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Johnson v. National Association for Advancement of Colored People

United States District Court, E.D. Louisiana

May 29, 2018


         SECTION: “J” (4)

          ORDER & REASONS


         Before the Court is a Motion for Preliminary Injunction (Rec. Doc.68) filed by Plaintiff Wes “W.C.” Johnson and an opposition thereto (Rec. Doc. 72) filed by Defendants.[1] Having considered the motion and legal memoranda, the record, and the applicable law, the Court finds that the motion should be DENIED.


         This lawsuit derives from an alleged breach of contract and deprivation of constitutional rights. (Rec. Doc. 1.) The named Defendants are the National office of the National Association of the Advancement of Colored People (“NAACP”); Cornell William Brooks, the former President and CEO of the NAACP; Roslyn M. Brock, the Chairman of the NAACP's Board of Directors; and Carmen Watkins, the NAACP's Region VI Director (collectively, “Defendants”). In the complaint filed on January 13, 2017, Plaintiff alleges that he filed grievances with the National office of the NAACP pursuant to the NAACP's constitution and bylaws seeking relief for inappropriate conduct by elected officers of the New Orleans Branch of the NAACP (the “New Orleans Branch”). Rather than investigate his claims, Plaintiff alleges that the National office threatened to either dissolve its New Orleans Branch or affect Plaintiff's membership status to chill litigation.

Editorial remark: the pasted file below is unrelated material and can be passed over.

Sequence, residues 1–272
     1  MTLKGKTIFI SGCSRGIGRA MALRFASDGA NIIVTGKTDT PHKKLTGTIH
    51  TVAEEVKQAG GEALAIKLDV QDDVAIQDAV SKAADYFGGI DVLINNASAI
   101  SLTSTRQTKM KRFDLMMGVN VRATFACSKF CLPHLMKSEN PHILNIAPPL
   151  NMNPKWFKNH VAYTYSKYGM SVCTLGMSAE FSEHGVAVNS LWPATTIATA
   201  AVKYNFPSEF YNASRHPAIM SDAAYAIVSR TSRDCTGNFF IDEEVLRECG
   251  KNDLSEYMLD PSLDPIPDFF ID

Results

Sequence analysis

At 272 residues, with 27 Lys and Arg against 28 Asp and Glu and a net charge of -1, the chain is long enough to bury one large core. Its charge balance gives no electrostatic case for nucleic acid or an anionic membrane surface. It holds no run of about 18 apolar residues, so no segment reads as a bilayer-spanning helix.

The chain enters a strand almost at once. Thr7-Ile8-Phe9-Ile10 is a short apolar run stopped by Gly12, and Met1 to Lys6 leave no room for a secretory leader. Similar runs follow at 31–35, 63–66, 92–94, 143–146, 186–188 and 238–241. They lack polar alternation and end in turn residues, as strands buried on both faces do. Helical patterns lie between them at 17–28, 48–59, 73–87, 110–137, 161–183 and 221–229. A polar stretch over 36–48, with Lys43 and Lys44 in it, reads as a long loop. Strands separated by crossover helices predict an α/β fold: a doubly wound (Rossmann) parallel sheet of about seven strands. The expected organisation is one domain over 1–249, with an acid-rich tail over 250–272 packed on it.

Furthermore, Plaintiff complains that the election of the chapter officers was not properly conducted in 2016. As a result, Plaintiff has now sued Defendants for (1) not investigating his complaints of January 19, 2016, and April 18, 2016; (2) permitting ineligible candidates to run for local NAACP leadership positions; and (3) failing to invalidate the illegal election results. Plaintiff also claims he has been deprived of his constitutional rights under the First, Sixth, Seventh, Ninth, and Fourteenth Amendments to the United States Constitution. Plaintiff asks this Court to force the National office to address his complaints as to the voting irregularities and to require that all elections be rescinded until the proper execution of the NAACP's constitutional protections can be administered. Finally, Plaintiff seeks $100, 000 in punitive damages to be given to the New Orleans Branch, a judgment forcing Defendants to reorganize the NAACP's constitution to comply with the United States Constitution, and for all costs incurred.